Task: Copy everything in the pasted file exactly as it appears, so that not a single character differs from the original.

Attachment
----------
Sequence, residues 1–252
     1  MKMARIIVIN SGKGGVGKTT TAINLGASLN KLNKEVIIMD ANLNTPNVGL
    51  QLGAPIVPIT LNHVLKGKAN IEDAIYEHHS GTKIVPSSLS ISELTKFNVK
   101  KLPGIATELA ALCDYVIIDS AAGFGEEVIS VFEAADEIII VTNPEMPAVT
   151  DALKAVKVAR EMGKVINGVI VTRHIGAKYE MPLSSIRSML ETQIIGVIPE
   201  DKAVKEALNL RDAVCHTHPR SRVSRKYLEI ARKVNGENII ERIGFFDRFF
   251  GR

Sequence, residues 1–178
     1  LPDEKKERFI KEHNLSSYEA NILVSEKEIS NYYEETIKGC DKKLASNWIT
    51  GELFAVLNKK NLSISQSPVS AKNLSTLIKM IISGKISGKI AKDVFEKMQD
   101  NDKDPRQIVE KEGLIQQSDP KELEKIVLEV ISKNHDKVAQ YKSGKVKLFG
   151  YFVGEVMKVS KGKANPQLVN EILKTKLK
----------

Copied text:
Sequence, residues 1–252
     1  MKMARIIVIN SGKGGVGKTT TAINLGASLN KLNKEVIIMD ANLNTPNVGL
    51  QLGAPIVPIT LNHVLKGKAN IEDAIYEHHS GTKIVPSSLS ISELTKFNVK
   101  KLPGIATELA ALCDYVIIDS AAGFGEEVIS VFEAADEIII VTNPEMPAVT
   151  DALKAVKVAR EMGKVINGVI VTRHIGAKYE MPLSSIRSML ETQIIGVIPE
   201  DKAVKEALNL RDAVCHTHPR SRVSRKYLEI ARKVNGENII ERIGFFDRFF
   251  GR

Sequence, residues 1–178
     1  LPDEKKERFI KEHNLSSYEA NILVSEKEIS NYYEETIKGC DKKLASNWIT
    51  GELFAVLNKK NLSISQSPVS AKNLSTLIKM IISGKISGKI AKDVFEKMQD
   101  NDKDPRQIVE KEGLIQQSDP KELEKIVLEV ISKNHDKVAQ YKSGKVKLFG
   151  YFVGEVMKVS KGKANPQLVN EILKTKLK